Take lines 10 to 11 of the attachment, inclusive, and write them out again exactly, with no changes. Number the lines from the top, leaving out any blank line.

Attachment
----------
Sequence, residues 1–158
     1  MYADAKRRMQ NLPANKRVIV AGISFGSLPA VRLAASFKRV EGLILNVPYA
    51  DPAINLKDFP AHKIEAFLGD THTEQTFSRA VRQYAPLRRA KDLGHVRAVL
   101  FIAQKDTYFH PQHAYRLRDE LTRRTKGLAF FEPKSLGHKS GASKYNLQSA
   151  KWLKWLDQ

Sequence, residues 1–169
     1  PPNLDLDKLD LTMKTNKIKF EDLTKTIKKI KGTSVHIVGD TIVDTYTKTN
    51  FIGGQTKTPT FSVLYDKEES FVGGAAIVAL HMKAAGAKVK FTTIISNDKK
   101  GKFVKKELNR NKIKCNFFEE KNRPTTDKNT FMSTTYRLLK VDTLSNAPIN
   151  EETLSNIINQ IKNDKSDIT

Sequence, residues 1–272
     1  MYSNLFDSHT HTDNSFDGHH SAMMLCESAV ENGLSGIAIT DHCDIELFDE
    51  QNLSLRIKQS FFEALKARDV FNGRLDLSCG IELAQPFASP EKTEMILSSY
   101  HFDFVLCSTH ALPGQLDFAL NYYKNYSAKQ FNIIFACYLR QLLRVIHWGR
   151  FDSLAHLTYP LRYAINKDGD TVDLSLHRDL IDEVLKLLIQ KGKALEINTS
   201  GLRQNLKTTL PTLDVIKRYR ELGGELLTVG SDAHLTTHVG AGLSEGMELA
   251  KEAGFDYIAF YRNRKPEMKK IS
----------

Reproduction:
   151  EETLSNIINQ IKNDKSDIT

Sequence, residues 1–272